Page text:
Here’s a very “timely” one from my good friend, Timothy Glenn.
Patience: Still the Prime Virtue
We’ve heard it throughout the ages, in various cultures and languages: Patience is the prime virtue. The issue of impatience has been popping up in lots of sessions with clients this year, and has raised its head in online chatter.
If you haven’t read it (or don’t remember the essence of it) you might reflect on Laura Bruno’s response to a classic case of mass impatience:
The gist: some people wanted us to coalesce our energies to collapse the global economy so as to speed up our planetary transformation by “starving the beast”. Laura wisely counseled that it would be kinder and wiser to allow time for the unprepared to get prepared:
“A true, positive, lasting, sovereign change will involve a new kind of safety net that preemptively makes the system obsolete before recklessly crashing it.”
Take It from Bucky
Good old Buckminster Fuller had said: “You never change things by fighting the existing reality. To change something, build a new model that makes the existing model obsolete.” Add that to another of his quotes: “Don’t fight forces, use them.”
Building a new model takes time, and thus requires patience. Fighting the existing reality wants everything yesterday, and leaps into the fray today. Bucky also said, “Rashness is the faithful, but unhappy parent of misfortune.” By this we might infer that patience is the faithful and happy parent of good fortune.
Several years ago, an online buzz erupted about some anticipated event, simply called The Event. One website even held a poll of their readers. The question was whether people wanted to wait longer for The Event to happen, in which case millions more would have time to prepare and thus make it through the shift; or would they rather rush The Event, knowing that those millions would suffer and maybe even die as a result.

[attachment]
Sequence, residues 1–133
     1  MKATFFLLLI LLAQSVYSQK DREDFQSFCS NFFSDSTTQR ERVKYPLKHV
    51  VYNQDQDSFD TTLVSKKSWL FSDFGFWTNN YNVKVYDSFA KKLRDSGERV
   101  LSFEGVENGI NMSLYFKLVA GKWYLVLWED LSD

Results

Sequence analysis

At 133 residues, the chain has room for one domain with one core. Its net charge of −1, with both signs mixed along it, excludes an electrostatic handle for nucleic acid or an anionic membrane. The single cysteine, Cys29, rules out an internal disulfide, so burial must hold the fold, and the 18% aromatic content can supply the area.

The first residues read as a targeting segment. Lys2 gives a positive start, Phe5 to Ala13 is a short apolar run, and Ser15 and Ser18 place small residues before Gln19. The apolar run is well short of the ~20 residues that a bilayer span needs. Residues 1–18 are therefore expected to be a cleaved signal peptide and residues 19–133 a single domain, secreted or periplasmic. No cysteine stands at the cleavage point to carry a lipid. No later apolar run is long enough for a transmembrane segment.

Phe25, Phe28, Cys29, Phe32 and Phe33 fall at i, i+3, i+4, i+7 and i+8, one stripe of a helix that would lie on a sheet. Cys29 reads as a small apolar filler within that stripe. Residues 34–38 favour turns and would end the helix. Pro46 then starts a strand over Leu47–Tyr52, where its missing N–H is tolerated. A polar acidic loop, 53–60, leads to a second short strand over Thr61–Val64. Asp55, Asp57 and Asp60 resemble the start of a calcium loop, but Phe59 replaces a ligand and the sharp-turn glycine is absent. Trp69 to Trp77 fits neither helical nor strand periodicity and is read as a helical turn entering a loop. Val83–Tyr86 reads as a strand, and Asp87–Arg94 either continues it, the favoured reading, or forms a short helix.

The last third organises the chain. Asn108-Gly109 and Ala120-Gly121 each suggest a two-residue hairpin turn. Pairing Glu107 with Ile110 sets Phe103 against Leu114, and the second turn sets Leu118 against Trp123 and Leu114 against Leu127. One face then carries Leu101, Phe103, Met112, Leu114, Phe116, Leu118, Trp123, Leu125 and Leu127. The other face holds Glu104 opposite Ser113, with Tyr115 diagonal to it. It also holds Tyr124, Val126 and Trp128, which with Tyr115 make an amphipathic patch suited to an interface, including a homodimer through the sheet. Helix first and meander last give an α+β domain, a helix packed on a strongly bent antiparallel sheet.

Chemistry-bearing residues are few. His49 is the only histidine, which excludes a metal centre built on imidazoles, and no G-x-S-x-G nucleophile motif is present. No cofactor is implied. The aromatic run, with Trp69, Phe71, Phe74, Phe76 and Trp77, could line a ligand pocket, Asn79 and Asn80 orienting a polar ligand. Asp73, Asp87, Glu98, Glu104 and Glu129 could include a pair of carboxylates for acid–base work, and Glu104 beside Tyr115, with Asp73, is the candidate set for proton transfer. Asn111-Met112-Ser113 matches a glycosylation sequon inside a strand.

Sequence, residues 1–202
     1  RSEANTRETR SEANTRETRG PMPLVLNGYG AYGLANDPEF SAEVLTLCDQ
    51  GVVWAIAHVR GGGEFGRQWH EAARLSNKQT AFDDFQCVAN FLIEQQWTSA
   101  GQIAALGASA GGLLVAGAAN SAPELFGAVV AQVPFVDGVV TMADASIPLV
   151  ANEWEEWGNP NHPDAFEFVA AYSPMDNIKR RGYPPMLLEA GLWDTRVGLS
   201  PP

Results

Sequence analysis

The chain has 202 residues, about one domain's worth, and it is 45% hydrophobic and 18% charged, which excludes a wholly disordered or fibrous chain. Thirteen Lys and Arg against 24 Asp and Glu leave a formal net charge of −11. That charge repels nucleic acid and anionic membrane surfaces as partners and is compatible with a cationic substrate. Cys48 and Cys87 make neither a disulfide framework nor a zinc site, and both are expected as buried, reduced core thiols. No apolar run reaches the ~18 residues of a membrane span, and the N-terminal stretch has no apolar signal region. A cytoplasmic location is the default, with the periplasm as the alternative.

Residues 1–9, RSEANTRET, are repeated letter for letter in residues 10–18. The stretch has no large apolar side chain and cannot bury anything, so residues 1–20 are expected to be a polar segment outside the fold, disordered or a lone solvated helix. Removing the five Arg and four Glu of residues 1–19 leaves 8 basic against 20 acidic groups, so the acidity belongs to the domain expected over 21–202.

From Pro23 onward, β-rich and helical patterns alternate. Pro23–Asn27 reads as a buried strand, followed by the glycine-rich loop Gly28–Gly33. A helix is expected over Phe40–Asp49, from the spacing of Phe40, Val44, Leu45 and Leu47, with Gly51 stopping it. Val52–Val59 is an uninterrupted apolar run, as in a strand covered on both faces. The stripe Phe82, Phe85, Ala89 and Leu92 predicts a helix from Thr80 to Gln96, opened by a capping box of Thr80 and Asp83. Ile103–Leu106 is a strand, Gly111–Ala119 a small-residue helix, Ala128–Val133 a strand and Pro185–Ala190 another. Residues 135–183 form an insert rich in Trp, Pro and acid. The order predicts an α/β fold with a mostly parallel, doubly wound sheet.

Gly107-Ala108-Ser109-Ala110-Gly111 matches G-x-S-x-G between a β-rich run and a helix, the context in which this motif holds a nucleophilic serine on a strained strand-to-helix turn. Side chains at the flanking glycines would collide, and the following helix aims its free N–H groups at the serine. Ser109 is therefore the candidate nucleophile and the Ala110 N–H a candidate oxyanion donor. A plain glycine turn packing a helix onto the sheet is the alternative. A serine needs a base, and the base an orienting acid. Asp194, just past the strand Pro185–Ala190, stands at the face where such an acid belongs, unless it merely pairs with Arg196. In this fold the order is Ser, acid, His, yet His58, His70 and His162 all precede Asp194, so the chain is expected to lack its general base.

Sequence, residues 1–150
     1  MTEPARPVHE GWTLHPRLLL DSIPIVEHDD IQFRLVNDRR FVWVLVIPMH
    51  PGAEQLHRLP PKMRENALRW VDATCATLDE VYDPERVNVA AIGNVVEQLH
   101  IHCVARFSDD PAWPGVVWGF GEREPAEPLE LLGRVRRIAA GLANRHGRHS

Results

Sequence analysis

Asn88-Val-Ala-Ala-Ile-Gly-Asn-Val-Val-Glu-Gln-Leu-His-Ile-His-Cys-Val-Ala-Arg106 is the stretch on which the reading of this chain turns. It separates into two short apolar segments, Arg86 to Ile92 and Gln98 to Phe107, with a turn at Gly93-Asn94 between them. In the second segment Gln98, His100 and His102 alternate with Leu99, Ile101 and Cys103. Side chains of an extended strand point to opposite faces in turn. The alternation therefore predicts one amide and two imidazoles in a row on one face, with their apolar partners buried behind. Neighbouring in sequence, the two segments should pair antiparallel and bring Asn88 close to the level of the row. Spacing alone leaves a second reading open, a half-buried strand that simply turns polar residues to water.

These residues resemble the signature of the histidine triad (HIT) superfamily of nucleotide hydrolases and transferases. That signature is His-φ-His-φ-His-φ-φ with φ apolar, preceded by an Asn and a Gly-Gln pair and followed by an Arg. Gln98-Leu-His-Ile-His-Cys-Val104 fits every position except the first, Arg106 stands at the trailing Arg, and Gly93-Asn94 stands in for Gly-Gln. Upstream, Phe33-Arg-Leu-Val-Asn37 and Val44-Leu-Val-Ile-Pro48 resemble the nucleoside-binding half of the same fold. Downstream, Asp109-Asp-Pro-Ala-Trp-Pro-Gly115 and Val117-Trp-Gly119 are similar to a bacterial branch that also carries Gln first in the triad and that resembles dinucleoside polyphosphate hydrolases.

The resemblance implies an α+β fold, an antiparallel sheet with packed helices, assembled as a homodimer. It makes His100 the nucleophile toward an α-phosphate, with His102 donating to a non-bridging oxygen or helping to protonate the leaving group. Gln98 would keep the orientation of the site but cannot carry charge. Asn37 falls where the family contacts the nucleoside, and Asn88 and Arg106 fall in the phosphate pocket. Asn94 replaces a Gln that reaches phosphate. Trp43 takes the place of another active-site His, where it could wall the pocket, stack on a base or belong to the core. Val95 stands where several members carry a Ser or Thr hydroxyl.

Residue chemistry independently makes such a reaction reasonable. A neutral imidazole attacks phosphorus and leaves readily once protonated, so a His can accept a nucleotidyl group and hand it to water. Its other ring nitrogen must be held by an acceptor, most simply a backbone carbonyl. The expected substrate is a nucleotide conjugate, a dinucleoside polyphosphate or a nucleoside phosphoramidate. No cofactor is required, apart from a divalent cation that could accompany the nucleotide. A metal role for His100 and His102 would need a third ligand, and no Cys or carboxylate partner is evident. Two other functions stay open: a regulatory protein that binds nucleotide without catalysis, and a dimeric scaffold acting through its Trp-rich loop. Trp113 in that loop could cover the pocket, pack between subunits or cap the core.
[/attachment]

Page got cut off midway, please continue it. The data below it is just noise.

Their comments section reflected the tally they reported: more than 80% of the readers voted to rush The Event. How lovely. This demonstrates the way impatience can express through much of the “love and light brigade”.
Many folks don’t seem to realize that impatience is one of the many faces of anger. You can easily test yourself any time you experience impatience. If you take a moment and breathe into your feelings, you will find that you are angry because the universe is failing to meet the demands of your personal timetable.
On a deeper level, impatience denotes a rigid belief in linear time being Real (with a capital R) and thus virtually almighty. This results in a subconscious resentment rooted in a feeling of being enslaved by what Proterrian calls “the tick-tock reality”. Infinity is a tad bigger than that, kids.
The Synergistic Entity
Proterrian also likes to point out that no one is playing solitaire here. Whatever we are endeavoring to do in life, there are other beings involved. You may have a relatively small inner circle of souls directly interacting with you, but there will always be those who are secondary or tertiary (or whatever) and yet still involved with you.
The collective energy field of any group will compose a Synergistic Entity. Since nothing is going to operate well (or at all) without all its components doing their parts, wisdom behooves us to tune in to (and flow with) the timing of the Synergistic Entity with which we are involved.
Expanding the scope of this concept, why not get in sync with the Synergistic Entity of Earth? We could flow with that sense of timing, and connect with universal timing, because there is a Synergistic Entity on that level as well; in fact, on infinite levels.
Coolness Under Pressure
In the world of sports, we have an old saying: Sometimes the best play is no play. Haste makes waste. Or as Gandalf the Wizard says: “The hasty stroke goes oft astray.”
Even the reptilian/insectoid villain in the amusing comedy Galaxy Quest understood this. When asked if they should pursue their quarry (the Protector 2) into a mine field, General Sarris calmly replied: “Patience, Lieutenant. Patience.” Later in the film, he lost his cool and chased the Protector 2 into that same mine field, only to lose his ship.
The pressure will mount on Planet Earth as we move into wilder and crazier times ahead, so we might remember the wise words on the front cover of The Hitchhiker’s Guide to the Galaxy (in large, friendly letters): Don’t Panic.
Patience, Lieutenant. Patience. It’s still the Prime Virtue.